Exclusion type and fulfillment time allow us to get a better understanding of the obligations of different components and figure out who was wrong and what to do. However, when it comes to asynchronous methods, everything becomes a little more difficult.

With the arrival of TAP (Task-based async pattern), the method obtained two ways of informing about a problem that has occurred. The method can throw the exclusion during its call or return the task "broken". Precondition violation exclusions are synchronous and inform the method client about the failure to fulfill its part of the obligations. Exclusion synchronism will let him know that he was wrong and that the operation was not even begun. A broken task indicates a problem in fulfilling the tasks in terms of implementation.

Now let us return to the asynchronous method.

ErrorProne.NET Asynchronous Method


At what moment will the ANE exclusion be thrown?

ErrorProne.NET ANE Exclusion


Asynchronous methods are realized in such a way that the part of the method before the first word await is done synchronously, but if an exclusion occurs at this moment, it will not be thrown at the client directly. Instead, the method will be completed "successfully" and the exclusion will be forwarded at the moment this result is received from the task.

The problem of such behavior is the same as the iterator block problem. We can obtain a task, save it in the field, transfer it to another method and observe the ArgumentNullException result in the opposite part of the program. Yet, in fact, the task was not even run as the preconditions were not fulfilled.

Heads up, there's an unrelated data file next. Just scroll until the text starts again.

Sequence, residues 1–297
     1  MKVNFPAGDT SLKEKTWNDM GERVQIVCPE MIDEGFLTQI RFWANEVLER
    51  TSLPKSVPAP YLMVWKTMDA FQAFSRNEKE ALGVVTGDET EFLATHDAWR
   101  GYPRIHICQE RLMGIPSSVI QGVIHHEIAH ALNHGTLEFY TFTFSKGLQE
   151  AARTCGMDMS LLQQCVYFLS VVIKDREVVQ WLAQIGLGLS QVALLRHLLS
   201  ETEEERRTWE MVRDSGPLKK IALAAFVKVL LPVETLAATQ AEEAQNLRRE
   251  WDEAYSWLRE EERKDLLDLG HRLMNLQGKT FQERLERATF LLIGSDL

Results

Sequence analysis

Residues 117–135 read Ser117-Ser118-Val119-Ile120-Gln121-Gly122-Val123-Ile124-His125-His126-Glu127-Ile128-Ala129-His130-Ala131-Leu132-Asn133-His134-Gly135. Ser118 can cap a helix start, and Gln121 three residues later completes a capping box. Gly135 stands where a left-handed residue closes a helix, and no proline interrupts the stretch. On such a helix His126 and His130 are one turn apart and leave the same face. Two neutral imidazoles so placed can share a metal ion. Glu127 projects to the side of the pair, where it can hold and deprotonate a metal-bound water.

In this case, the same method allocation trick is used: break the method into two, delete the async keyword from the first one but leave the precondition check and allocate all the main work to the auxiliary method.

ErrorProne.NET ArgumentNullException


Always remember the rules

 
Each time I changed teams I started cleaning up the coding guidelines, because in most cases they mentioned nothing about good exception processing practice. Now, when you've got clever analyzers, most of the rules can be easily automated and the compilation can simply be broken when they are not fulfilled.

(Yes, I know about the FxCop custom rules, but I never saw custom rules for correct exclusion processing. Additionally, FxCop is not maintained by anyone in particular, so no one can guarantee it will be compatible with the latest compiler version, because it uses the IL analysis level, which is very difficult to analyze asynchronous methods on).

Preconditions and contracts

All of my suggestions about preconditions/postconditions are confirmed by the fact that tools for design by contract, namely, Code Contracts, process the iterator block and asynchronous method preconditions in a peculiar way. They do the same logical conversions explained here: namely, they cause the precondition violations to "trigger" synchronously (eagerly) and be thrown to the client at the moment the method is called, and not at the moment the result is processed!

Sergey Teplyakov
Expert in .Net, ++ and Application Architecture